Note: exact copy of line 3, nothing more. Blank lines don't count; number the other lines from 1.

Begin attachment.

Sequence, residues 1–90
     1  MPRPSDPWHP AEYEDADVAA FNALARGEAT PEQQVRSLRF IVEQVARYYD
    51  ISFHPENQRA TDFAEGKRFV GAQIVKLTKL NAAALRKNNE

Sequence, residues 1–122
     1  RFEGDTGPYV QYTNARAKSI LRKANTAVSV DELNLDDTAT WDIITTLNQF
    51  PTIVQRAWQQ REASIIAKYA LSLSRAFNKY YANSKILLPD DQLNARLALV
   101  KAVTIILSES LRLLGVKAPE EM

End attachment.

    51  ISFHPENQRA TDFAEGKRFV GAQIVKLTKL NAAALRKNNE